Contrary to popular belief, a new study suggests taking longer breaks between sets of weightlifting may promote muscle growth.

[A man weightlifting]Share on Pinterest
Taking longer rests between weightlifting sets may benefit muscle growth, say researchers.

The research reveals that men who had longer rest periods between four weightlifting sets showed a significant increase in muscle rebuilding activity – a process that aids muscle growth – compared with those who had shorter rest periods.

Study co-author Dr. Leigh Breen, from the University of Birmingham in the United Kingdom, and colleagues recently published their findings in the journal Experimental Physiology.

Weightlifting is a form of resistance exercise that involves lifting weights as a way to boost muscle size and strength.

According to the Centers for Disease Control and Prevention (CDC), adults should engage in moderate- or high-intensity muscle-strengthening activities – such as weightlifting – at least 2 days each week, and these activities should incorporate all major muscle groups.

Such activity is recommended in addition to either 150 minutes of moderate-intensity aerobic activity or 75 minutes of vigorous-intensity aerobic activity, in order to reap extra health benefits.

To get the most from weightlifting and other muscle-strengthening exercises, it is recommended that such activities are performed in sets. For example, the CDC suggest performing 8-12 repetitions of lifting a weight in two or three sets to gain extra benefits.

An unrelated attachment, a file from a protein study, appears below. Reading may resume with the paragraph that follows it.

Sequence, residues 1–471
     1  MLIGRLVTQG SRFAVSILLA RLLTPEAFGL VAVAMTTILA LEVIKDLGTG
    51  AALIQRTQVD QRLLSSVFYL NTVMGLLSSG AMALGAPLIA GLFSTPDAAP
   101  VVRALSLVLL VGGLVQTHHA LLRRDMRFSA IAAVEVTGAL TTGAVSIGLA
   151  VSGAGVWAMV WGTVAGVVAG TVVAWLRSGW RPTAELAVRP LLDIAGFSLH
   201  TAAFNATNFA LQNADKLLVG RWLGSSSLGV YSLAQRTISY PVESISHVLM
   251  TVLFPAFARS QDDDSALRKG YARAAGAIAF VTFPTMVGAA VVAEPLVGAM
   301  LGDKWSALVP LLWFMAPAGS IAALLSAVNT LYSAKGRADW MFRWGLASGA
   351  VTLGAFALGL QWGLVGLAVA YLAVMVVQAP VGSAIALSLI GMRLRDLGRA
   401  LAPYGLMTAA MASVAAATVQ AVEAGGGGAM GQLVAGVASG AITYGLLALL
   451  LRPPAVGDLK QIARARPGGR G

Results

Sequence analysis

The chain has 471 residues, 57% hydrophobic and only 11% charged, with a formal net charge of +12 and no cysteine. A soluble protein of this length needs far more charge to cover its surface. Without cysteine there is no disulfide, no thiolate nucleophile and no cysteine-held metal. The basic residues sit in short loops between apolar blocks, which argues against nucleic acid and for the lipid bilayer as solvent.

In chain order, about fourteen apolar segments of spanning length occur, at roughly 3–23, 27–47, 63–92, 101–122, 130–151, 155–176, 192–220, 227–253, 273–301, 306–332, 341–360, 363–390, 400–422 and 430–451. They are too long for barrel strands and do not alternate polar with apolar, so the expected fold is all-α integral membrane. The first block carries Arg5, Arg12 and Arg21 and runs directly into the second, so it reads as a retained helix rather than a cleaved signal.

But how long should the rest period be between each set?

It is widely accepted that an individual should take time to rest between weightlifting sets in order to give the muscles time to recover, but popular notion holds that the shorter the rest time, the greater the muscle growth.

However, the new study from Dr. Breen and colleagues suggests this may not be the case.

To reach their findings, the researchers enrolled 16 men and asked them to complete four sets of weightlifting in the form of a bilateral leg press and knee extension exercise. The men were asked to rest for either 1 minute or 5 minutes between each set.

The researchers took muscle biopsies from the men as soon as all four sets were completed, as well as 4, 24, and 28 hours after.

The biopsies were analyzed to establish levels of myofibrillar protein synthesis (MPS) – the process by which damaged proteins within muscle cells are rebuilt, aiding muscle growth – and intracellular signaling.

Within the first 4 hours after exercise, the team found that the men who had the longer 5-minute rest period between each weightlifting set showed a greater increase in MPS, at 156 percent, compared with those who had the shorter 1-minute rest period, who saw a 76 percent increase in MPS.

Based on their results, the researchers suggest that shorter rest periods between weightlifting sets may actually hinder the muscle growth process.

With short rests of 1 minute, though the hormonal response is superior, the actual muscle response is blunted.

If you’re looking for maximized muscle growth with your training program, a slightly longer interval between sets may provide a better chance of having the muscle response you’re looking for.”

Dr. Leigh Breen

The researchers recommend that weightlifting novices should take rest periods of at least 2-3 minutes between sets.

“Over time, they may need to find ways to push beyond the plateau of muscle-building that commonly occurs, and so may gradually decrease their rest periods,” notes Dr. Breen.

For the more experienced weightlifter, Dr. Breen says it is possible that shorter rest periods may not have such a negative impact on the muscle-building process, particularly if their body has adapted to such stress.

“Nonetheless, similar recommendations of 2-3 minutes between sets should help to ensure maximal muscle growth in well-trained individuals,” she adds.

The researchers are now planning to conduct a follow-up study to assess the longer-term impact of extended rest periods between weightlifting sets on muscle growth.

Read about a gene that may help explain the body’s varying response to different forms of exercise.